5-IN-5 provides students with a healthful opportunity to move, to reinvigorate mind and body through a few vigorous movements and, then, resume the academic learning process from a physically enhanced and enriched place. But perhaps its most important and immediate goal is to re-discover and strengthen the link between physical movement and cognitive development in both students and their teachers.

How They Learn to Move

It is interesting to assess comments derived from the research associated with movement learning for example:

..the individual’s capacity to produce and control a wide range of movements bears a direct relationship to the scope of his or her problem solving capacity. Higgins, 1991

The point is that neither skill, nor strategy, nor movement can be imposed – they are derived and evolve as a function of experience by an active participant.

The learner discovers relationships between biomechanical, anatomical physiological, and environmental variables by the application of existing resources (movement vocabulary).

…cyclic process of discovery, mastery and re-application. Whitehead, 1967; Ellis, 1976

From this we can gather that one important means of developing movement efficiency is the solving of ‘movement puzzles’. Put another way ‘failure is an option’. The young person solving the ‘puzzle’ will recruit a series of tools to assist them and it is the process of solving the puzzle that leads to efficiency in the long term (consistency). In simple terms the following process is underway as the movement ‘problem’ is solved:

  • * Gain insight into the task
  • * Gain insight into the force problem to be solved
  • * Fit the force problem to the movement
  • * Progressively refine and gain control or mastery
Purchase Products
How to Renew and Manage Licenses
Blog
Latest News

New Apps and New Site

New Apps and Website update

Read More

New Athletic Development Course

New Athletic Development Course

Andy Thomson has commenced delivering my inaugural course at Glasgow College.

Read More

Apprentorship 2012

Apprentorship 2012

Book as early as possible for this fabulous residential course on all facets of Athletic Development at Rice University, June 12th to 17th.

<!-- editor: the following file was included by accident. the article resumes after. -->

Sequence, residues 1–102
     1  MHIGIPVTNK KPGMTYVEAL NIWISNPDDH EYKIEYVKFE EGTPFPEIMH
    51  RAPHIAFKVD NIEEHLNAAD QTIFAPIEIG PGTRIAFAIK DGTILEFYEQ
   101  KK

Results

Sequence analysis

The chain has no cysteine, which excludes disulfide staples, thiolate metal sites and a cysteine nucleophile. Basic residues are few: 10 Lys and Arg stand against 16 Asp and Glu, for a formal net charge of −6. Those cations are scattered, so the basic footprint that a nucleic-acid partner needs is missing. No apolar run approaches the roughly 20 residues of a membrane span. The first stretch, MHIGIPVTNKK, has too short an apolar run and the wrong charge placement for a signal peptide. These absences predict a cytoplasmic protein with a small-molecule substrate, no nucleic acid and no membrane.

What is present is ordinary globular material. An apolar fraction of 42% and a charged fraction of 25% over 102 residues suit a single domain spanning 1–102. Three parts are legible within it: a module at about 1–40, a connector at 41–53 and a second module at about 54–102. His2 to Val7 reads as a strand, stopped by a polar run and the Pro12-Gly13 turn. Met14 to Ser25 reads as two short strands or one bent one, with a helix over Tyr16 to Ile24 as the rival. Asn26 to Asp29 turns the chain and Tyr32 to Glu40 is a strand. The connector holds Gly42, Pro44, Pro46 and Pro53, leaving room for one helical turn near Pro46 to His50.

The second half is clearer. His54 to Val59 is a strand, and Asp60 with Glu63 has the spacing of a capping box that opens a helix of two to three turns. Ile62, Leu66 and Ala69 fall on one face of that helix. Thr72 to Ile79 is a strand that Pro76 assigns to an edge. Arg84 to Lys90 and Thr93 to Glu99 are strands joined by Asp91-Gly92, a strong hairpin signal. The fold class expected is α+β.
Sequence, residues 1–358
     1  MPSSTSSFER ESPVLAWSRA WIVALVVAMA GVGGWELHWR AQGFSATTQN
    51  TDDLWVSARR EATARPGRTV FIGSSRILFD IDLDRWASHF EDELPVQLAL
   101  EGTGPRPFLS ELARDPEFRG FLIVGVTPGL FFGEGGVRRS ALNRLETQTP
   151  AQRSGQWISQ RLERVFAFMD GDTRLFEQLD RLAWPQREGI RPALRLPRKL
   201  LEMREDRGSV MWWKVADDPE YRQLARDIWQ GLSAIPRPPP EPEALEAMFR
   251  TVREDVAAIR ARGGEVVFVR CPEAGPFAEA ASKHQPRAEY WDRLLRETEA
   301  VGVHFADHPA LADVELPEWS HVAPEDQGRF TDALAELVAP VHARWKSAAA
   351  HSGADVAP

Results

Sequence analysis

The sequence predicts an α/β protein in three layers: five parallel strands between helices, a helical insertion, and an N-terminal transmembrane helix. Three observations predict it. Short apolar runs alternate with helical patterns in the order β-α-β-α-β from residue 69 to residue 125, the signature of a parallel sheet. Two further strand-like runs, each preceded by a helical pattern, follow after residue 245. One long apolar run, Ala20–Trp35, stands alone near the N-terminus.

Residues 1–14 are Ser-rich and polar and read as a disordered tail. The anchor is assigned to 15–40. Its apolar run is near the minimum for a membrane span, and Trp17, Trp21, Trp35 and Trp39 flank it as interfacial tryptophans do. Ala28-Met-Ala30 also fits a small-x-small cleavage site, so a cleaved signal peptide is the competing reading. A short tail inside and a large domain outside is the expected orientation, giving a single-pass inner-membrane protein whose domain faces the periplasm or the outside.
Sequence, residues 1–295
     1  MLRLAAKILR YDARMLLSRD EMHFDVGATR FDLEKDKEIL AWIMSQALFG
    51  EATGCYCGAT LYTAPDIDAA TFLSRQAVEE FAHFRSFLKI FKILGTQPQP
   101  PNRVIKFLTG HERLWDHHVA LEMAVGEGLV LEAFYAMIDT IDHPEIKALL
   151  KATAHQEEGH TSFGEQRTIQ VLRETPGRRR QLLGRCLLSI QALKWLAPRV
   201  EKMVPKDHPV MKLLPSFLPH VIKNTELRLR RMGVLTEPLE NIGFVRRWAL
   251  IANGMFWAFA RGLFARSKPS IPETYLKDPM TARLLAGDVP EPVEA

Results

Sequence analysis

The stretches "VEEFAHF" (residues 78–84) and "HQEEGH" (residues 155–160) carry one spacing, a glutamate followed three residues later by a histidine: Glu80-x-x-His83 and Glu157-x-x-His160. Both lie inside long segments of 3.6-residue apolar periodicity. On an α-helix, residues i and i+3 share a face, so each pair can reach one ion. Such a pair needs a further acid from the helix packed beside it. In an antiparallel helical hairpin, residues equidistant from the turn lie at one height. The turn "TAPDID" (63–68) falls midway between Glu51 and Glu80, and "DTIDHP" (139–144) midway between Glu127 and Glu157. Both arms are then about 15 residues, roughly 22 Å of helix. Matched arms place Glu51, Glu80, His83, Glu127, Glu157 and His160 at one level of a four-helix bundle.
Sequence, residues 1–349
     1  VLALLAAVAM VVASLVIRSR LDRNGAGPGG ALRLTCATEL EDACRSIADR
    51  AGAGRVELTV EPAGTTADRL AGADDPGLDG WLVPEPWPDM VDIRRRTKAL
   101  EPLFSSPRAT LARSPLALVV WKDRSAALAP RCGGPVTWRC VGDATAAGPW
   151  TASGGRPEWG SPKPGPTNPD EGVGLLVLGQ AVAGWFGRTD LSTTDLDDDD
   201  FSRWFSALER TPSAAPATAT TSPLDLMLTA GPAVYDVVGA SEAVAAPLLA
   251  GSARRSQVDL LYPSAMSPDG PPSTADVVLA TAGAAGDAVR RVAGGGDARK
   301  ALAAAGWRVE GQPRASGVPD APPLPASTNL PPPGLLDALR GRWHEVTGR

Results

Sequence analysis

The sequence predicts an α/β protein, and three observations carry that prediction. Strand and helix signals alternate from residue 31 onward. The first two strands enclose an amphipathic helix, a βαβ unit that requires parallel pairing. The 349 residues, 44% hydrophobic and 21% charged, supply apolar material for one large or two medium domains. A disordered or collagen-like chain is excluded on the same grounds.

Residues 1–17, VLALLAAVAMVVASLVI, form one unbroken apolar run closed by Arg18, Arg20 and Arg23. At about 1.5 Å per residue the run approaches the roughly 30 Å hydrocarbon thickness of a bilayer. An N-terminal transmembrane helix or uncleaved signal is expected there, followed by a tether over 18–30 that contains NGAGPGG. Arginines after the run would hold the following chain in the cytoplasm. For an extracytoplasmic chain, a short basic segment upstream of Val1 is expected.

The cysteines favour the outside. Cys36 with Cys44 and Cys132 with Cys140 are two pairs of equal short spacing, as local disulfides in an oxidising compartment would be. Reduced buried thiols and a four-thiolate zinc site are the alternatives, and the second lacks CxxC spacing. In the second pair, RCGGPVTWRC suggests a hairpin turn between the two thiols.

Read More

5in5 Update

5in5 Update

Finally completed Level 1 filming. Now the proof-reading process begins. This has been an arduous journey from the first thoughts of the concept through to creating a progressive movement syllabus.

Read More

New Book

'This Isn't a Textbook!'  

After 40 years of doing all this coaching stuff I decided to dig into my archives and piece together some memories from the journey .

Read More

Competence Assessment Manual Revised

The Physical Competence Assessment Manual has been revised and is now available.

Read More

5in5 News and Update

With such an interest in this concept and the Movement Library it is opportune to offer some more detail into the background and rationale of the project. The development is painfully slow but the following information may be of value to those who are interested.

Read More

Some Thoughts for Soccer Practitioners

Here is a recent article based upon real coaching delivery.

Read More

Next Stop - Abu Dhabi then UKSEM

Next Stop - Abu Dhabi then UKSEM in late November. Being joined by Vern Gambetta and Frans Bosch for a workshop.

Read More

IFAC Conference

IFAC Conference, Glasgow

Superb Conference for Athletics Coaches. It was an honour to be a presenter 

Read More
Site Under Construction. Please DO NOT TRY TO RENEW OR PURCHASE VIDEO PRODUCTS. Only Books and Measurement Devices can be purchased.